Based on many hours of research and trials, the optimum way to convert 35mm color negatives into digital images is as follows:
- Obtain the Epson V500 Photo scanner
- Supports hardware based scratch and dust removal technology called Digital ICE
waste your time trying to use software based scratch and dust removal,
you will end up removing it by hand over many hours!
- Allows you to scan between 8 and 12 negatives at a time!
- In July 2009, it was $169 at www.newegg.com
- Being a Canon fan it was not easy for me to switch to Epson, but the various reviews on the scanners convinced me to get the Epson because of its use of the Digital ICE technology
- Very happy with the Epson. It has scanned thousands of pictures already.
- Update: November 2010, after checking online retailers it appears that the V600 is replacing the V500. The V600 is the better choice since it offers Digital ICE not just for film as the V500 does, but also does Digital ICE for regular photographs. ( Wish I had that feature for some of those prints for which we do not have the negatives )
- Insert the color negatives into the film holder supplied with the scanner.
- Images must be face down, with lowest numbers starting at the back of the scanner
- Face the film towards you so that you can read the numbers, then insert face down into holder
- Line up the "A" spot on the holder with the "A" spot on the scanner itself
- Remember to first remove the top screen from the scanner (white)
- After closing the lid press the green scan key on the front of the scanner
- The Epson Scan software will automatically start on the computer
- Initial setup required only before scanning first negative, change the settings as follows:
- Change to "Professional Mode"
- Document Type: "Film"
- Film Type: "Color Negative Film"
- Image Type: "24-bit Color"
- Scanning Quality: "Best"
- Resolution: "2400 dpi"
- Click on: "Configuration"
- Select the "Color" tab
- Select "ICM"
- Source: "EPSON Standard"
- Target: "Adobe RGB"
- Note: If the "Adobe RGB" profile is not present download it from Adobe
- Select OK
- Click on "Preview"
- Once the Preview appears, rotate the images as needed and deselect images you do not want to scan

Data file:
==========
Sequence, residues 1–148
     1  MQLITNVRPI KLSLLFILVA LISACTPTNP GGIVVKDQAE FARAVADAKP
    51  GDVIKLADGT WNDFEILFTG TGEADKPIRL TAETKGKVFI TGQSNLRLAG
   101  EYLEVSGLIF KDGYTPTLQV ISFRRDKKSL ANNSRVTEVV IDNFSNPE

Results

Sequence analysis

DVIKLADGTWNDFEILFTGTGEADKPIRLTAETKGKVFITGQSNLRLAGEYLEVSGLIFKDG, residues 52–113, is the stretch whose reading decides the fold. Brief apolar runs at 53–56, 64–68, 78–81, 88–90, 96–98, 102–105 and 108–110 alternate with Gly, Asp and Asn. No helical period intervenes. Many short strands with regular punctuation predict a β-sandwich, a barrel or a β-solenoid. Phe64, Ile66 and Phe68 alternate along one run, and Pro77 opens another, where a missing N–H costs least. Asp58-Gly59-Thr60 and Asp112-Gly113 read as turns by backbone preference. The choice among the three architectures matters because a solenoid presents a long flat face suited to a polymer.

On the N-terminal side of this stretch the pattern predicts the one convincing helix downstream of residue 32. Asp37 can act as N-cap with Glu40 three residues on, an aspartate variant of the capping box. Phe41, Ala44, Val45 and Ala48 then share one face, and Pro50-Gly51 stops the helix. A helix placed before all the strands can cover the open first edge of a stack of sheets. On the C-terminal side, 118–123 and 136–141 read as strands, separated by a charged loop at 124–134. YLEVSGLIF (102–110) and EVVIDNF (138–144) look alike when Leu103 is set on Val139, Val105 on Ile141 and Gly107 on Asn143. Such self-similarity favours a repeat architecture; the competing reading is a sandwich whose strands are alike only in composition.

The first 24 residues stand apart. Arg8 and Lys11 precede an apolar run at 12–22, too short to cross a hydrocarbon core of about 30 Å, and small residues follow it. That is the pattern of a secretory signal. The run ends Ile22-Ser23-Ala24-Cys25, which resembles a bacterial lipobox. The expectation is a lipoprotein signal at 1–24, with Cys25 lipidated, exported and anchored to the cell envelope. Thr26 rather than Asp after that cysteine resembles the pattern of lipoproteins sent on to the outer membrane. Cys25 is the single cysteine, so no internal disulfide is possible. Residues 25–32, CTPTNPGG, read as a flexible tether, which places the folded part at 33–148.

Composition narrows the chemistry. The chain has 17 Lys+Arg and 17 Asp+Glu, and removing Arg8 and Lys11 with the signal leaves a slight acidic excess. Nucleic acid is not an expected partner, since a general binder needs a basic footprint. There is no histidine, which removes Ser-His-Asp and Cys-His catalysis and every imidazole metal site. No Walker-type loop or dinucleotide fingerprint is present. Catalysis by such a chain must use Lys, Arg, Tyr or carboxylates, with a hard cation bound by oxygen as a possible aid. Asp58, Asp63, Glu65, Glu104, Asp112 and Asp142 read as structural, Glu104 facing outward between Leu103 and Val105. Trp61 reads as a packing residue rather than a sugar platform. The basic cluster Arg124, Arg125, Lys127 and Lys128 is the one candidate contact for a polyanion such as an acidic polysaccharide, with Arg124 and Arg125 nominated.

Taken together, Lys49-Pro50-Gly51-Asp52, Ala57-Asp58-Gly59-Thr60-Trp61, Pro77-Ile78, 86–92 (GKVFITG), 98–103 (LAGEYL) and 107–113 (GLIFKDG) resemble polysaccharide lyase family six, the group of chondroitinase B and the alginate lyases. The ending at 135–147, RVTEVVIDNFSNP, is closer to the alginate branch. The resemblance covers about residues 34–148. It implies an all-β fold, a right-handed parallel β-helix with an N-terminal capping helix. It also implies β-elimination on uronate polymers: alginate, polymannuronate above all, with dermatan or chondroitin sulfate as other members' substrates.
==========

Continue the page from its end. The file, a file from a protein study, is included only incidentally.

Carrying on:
- Do the following before every scan:
- Press the "All" button on the Preview Screen
- Deselect "Unsharp Mask"
- Select "DIGITAL ICE Technology", ensure that Quality mode is selected.
- Select Scan
- File Save Window appears
- Choose the folder to write the images too
- Under Image Format
- Click on OK
- Scanner will scan each image placing the TIFF uncompressed image in the folder specified above
- Open Adobe Photoshop (LE version included with scanner)
- Drag the tiff images into the Photoshop window
- Perform Auto-Levels: CTRL-SHIFT-L
- For most negatives this will result in exceptional images
- For low quality negatives, or negatives in a really bad shape, sometimes it is better to only do "Auto Color".
- Try it manually on a few slides first if you are not sure
- Save as JPEG, with compression level 10
will result in images equivalent to 8 mega pixel pictures taken with a
good digital SLR. Not bad considering many of our pictures with taken
with a low end "point and shoot camera" over a decade ago.Notes:
Seeing Circles on your images
- If "Unsharp Mask" above is not deselected it will result in "grainy" pictures when viewed on an LCD
- Going above 2400 DPI does not result in better images as the standard 35mm negatives do not have sufficient detail.
it a try yourself scan the same image at 2400dpi and 4800dpi, then zoom
in under photoshop and you will see that the 4800dpi image just becomes
blurry beyond 2400dpi.
- 4800 dpi only results in larger files and longer scan time without any additional detail
professional high-resolution 35mm film was used however, a higher
resolution may lead to more detail. The Epson can go all the way to
- The Basic and Home Modes both force the selection of "Unsharp Mask" resulting in grainy images when viewed at full size
takes about 3 minutes per image using the above settings, which equates
to almost 1.5 hours. Thankfully the scanner takes upto 12 negatives
(usually 8 depending on where your film was developed) at a time. You
can walk away and let the scanner do all the cropping and separation of
the images into separate files.
- With lesser/cheaper scanners you are often left to do the cropping yourself, one image at a time. Painful !
the negatives are not properly packed by the lab when the pictures were
developed, some of the negatives start to bend or curl. The curling causes circular artifacts to appear in scanned images across the center of the image. To get rid of these artifacts put the negative in the scanner face-up. I.e. with the bend facing upwards. I found this fixed the problem every time. Others have mentioned another technique: an anti-newton glass insert
can be purchased
for about $40 that lies on top of the film to make it level.